A Much-Needed Conversation: Liberal Policies and Race

starbucks-race-togetherby Patricia L. Dickson3/26/15
The recent events in Ferguson have ignited racial flames to the point that everywhere we look someone is talking about the need for a conversation about race. Starbucks’ CEO Howard Schultz launched a cheesy initiative  (that has now been dropped) to harass their customers into a discussion about race by writing “race together” on the side of coffee cups. What specifically are Americans supposed to discuss about race? If liberals want to use the disparity between the rich and the poor (the haves and the have-nots) to start the conversation about race, I would suggest we begin with how their policies have affected black Americans.

If Americans want to see racism on display, walk through our inner cities. Many of our inner cities are and have been run by compassionate Democrats (many who are black) for decades. Writer Jim Quinn outlined in his article “30 Blocks of Racism, Incompetence & Collapse” published on the blog The Burning Platform, the horrible living conditions that poor blacks endure in West Philadelphia where the majority of the leaders are black:

Philadelphia’s mayor is black. Its previous mayor was black. Its City Council is overwhelmingly black, with a few Hispanics and liberal union loving whites sprinkled in. Its police chief is black. Its fire commissioner is black. Its school district is run by blacks. The population of West Philly is 76% black. And you know who is racist? The black leadership of Philadelphia is racist.

Mr. Quinn has been writing about what he has observed in the poor black area of West Philadelphia for the past eight years. For this, he has been called a racist by liberals. He describes West Philadelphia as the 30 Blocks of Squalor, a microcosm of Philadelphia in general which in turn is a microcosm of America. He delineates the line of demarcation between the poor black neighborhoods and the rich white section of town that was visibly evident with the recent ice/snow storm that hit Philadelphia:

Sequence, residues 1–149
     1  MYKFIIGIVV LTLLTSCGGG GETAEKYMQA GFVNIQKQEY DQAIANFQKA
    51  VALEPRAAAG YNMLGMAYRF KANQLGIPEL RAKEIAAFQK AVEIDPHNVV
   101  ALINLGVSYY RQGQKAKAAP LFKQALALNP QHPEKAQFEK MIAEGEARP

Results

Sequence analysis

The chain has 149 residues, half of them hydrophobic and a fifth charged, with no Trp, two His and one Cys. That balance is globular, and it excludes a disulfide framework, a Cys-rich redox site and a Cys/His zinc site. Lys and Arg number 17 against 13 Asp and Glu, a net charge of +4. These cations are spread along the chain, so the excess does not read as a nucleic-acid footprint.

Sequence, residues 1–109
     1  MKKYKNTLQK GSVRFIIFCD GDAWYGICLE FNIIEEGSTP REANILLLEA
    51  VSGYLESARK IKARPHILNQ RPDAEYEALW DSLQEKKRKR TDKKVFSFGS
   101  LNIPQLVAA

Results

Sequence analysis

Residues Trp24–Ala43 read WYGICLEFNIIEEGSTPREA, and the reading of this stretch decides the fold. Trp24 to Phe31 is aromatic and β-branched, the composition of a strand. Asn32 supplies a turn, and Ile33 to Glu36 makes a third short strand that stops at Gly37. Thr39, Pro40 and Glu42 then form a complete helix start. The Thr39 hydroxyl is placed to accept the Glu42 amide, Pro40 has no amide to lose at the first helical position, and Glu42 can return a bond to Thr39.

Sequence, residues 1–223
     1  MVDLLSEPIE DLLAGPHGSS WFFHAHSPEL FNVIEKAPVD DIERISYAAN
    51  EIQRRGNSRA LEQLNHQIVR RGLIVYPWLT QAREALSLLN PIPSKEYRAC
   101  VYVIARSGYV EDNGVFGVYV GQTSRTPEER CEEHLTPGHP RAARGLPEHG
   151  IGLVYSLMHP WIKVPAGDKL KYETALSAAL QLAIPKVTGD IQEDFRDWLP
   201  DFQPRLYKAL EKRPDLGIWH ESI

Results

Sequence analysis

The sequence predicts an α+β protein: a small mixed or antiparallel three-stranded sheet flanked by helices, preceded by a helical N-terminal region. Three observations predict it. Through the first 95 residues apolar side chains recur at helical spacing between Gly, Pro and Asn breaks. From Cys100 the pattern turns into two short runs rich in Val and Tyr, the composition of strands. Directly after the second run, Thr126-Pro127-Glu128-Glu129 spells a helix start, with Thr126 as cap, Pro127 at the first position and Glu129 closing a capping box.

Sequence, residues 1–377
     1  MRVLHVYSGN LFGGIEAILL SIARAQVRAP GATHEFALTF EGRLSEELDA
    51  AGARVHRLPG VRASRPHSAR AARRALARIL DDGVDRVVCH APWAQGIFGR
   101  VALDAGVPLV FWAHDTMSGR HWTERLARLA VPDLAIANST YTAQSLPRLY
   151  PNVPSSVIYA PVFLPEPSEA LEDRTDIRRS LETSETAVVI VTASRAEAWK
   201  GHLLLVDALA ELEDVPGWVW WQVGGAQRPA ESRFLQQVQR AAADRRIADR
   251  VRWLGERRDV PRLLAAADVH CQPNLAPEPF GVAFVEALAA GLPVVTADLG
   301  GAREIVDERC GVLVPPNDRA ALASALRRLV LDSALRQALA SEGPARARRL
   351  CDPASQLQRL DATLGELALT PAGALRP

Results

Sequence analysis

Last week we had two ice/snowstorms that struck the Philadelphia area. By the morning all of the roads in my northern suburban area were plowed and easily drivable. When I got off the Schuylkill Expressway at Girard Avenue and entered West Philly, the land where snowplows and salt evidently don’t exist, it was like I had arrived in a third world country where government services were nothing but a dream.

The City snow emergency plan for the black neighborhoods of West Philly is to wait until warm weather melts the snow. No effort whatsoever is made to clear the streets or even put salt down to make them safer for vehicle traffic. The racism is evident as you progress down 36th street towards University City. The demarcation line between the poor black neighborhoods and the rich white sections around the University of Pennsylvania and Drexel University is Lancaster Avenue. Miraculously, as soon as you cross Lancaster Avenue the streets are clear of snow and easy to navigate. It seems money talks to the hypocrites at City Hall who pretend to care about those living in squalor, but leave them to fend for themselves during snowstorms, while clearing the streets for the lily white inhabitants of University City. This fits the definition of discrimination: the unjust or prejudicial treatment of different categories of people. The poor black people of West Philly are treated worse than the rich institutions of West Philly by the black government leaders of Philadelphia.